Treasure Hunt

Whenever I feel surprise at having become an an art dealer, I remind myself that at 14 years old, like some suburban Medici prince, I commissioned my first work of art. For the grand sum of twenty dollars, or bag ‘o weed of same value, I got my friend Lance, who was something of an artist, and something of a hustler, to paint the cover of Relayer by the band Yes on the back of my denim jacket.

Robert Dean, cover art for Relayer by Yes, 1974, Atlantic Records

I had only one denim jacket with which to brand myself, and Yes seems an unlikely choice for a kid whose primary response to the world was “no.” But I made the commitment casually, the way a 14-year-old does, even though I knew that Yes was just the latest fling in a long line of musical infatuations, and that I would soon be repelled by the image. When you’re a kid, and you move on from a band, you don’t just let them go, you bonfire their albums because they stand for everything you are trying to grow out of.

As with so many boys of my generation, my first musical loves were the Osmond Brothers, Mormon dandies in white suits with white fringe, and the Jackson Five, 10 glittery lapels in seriously tight choreography. They were soon upstaged by the Monkees, who were conveniently delivered right to my bedroom every afternoon at 4, and the Beatles, whom I communed with for a long, long time. Then, along came the Beach Boys, who awoke in me a love for my future home, California.

Things picked up pace when I turned 12. I powered through a series of predictably unsatisfying affairs with the Eagles, Jethro Tull, Pink Floyd, and Boston. But just when the music was getting harder with Led Zeppelin, Alice Cooper, and Jimi Hendrix, I took a strange detour, that cannot be understood by anyone who didn’t live through the mid-’70s, into the jazz fusion world of Billy Cobham, Chick Corea, and Al Dimeola. That road bottomed out with the queasy ambience of Yes. The musical equivalent of a Carlos Casteneda novel, it was my last escapist affair before encountering Bowie, the Ramones, and punk rock, which would deliver me from my sneering, sarcastic youth into adulthood.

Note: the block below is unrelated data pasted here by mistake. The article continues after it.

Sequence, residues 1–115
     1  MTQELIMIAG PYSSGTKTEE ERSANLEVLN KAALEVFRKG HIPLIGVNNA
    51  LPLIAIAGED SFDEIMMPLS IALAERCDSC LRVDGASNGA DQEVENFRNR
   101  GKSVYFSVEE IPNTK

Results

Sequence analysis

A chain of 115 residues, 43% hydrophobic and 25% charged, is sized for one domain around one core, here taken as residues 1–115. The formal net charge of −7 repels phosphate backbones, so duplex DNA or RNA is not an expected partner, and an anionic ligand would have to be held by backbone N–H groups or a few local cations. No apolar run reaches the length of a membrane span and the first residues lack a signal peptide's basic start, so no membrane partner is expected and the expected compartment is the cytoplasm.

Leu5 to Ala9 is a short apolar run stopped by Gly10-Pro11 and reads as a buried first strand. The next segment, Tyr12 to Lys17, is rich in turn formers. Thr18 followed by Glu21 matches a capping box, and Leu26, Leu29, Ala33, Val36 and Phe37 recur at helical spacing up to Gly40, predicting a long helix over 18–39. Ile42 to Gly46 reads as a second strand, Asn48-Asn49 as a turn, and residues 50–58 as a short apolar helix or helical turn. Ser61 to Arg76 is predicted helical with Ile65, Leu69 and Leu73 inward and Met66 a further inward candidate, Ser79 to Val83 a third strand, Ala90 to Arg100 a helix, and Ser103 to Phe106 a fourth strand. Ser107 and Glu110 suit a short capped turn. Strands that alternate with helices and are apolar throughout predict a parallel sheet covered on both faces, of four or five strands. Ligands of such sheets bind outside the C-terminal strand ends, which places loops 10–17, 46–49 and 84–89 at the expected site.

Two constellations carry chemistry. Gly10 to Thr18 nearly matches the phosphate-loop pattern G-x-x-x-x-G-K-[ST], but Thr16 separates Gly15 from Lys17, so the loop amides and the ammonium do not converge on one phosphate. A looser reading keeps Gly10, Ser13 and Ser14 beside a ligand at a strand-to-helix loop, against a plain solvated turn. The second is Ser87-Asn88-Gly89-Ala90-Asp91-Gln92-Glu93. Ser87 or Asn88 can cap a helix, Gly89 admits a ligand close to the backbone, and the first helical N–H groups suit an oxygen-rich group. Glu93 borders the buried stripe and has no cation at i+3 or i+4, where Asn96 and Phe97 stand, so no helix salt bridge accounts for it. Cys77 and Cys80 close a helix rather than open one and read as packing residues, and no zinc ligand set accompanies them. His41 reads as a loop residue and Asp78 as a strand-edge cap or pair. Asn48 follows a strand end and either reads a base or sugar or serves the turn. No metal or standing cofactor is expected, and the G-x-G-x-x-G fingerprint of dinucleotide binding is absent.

Before that, I was a teenage stoner in a big, unhappy house, and I loved to astrally project myself onto the fantastical landscapes unfolded to me in Yes’s spacey New Age music and graphics. Unfortunately, the trippy ambience didn’t translate into a jacket thing, and Lance’s strange denim concoction, which would stump even Dick Hebdige, got nudged to the back of a closet full of cuffed jeans, blue suede high tops and army surplus jackets. At some point my mother must have given it away, and it has probably since been resold on eBay as folk art.

Detail from an eBay listing, March 24, 2012

It seems like, in America at least, art and music, not to mention clothes, have always gone together. The Abstract Expressionists painted to jazz, Warhol to the Velvets. In San Francisco we have the psychedelic poster to commemorate that brief moment when the Bay Area music, drug, and art scene ruled pop culture. For some reason, I never got into these posters despite the fact that I like some of the music, love art nouveau, and suffer from a slight case of horror vacuii. They just don’t call to me.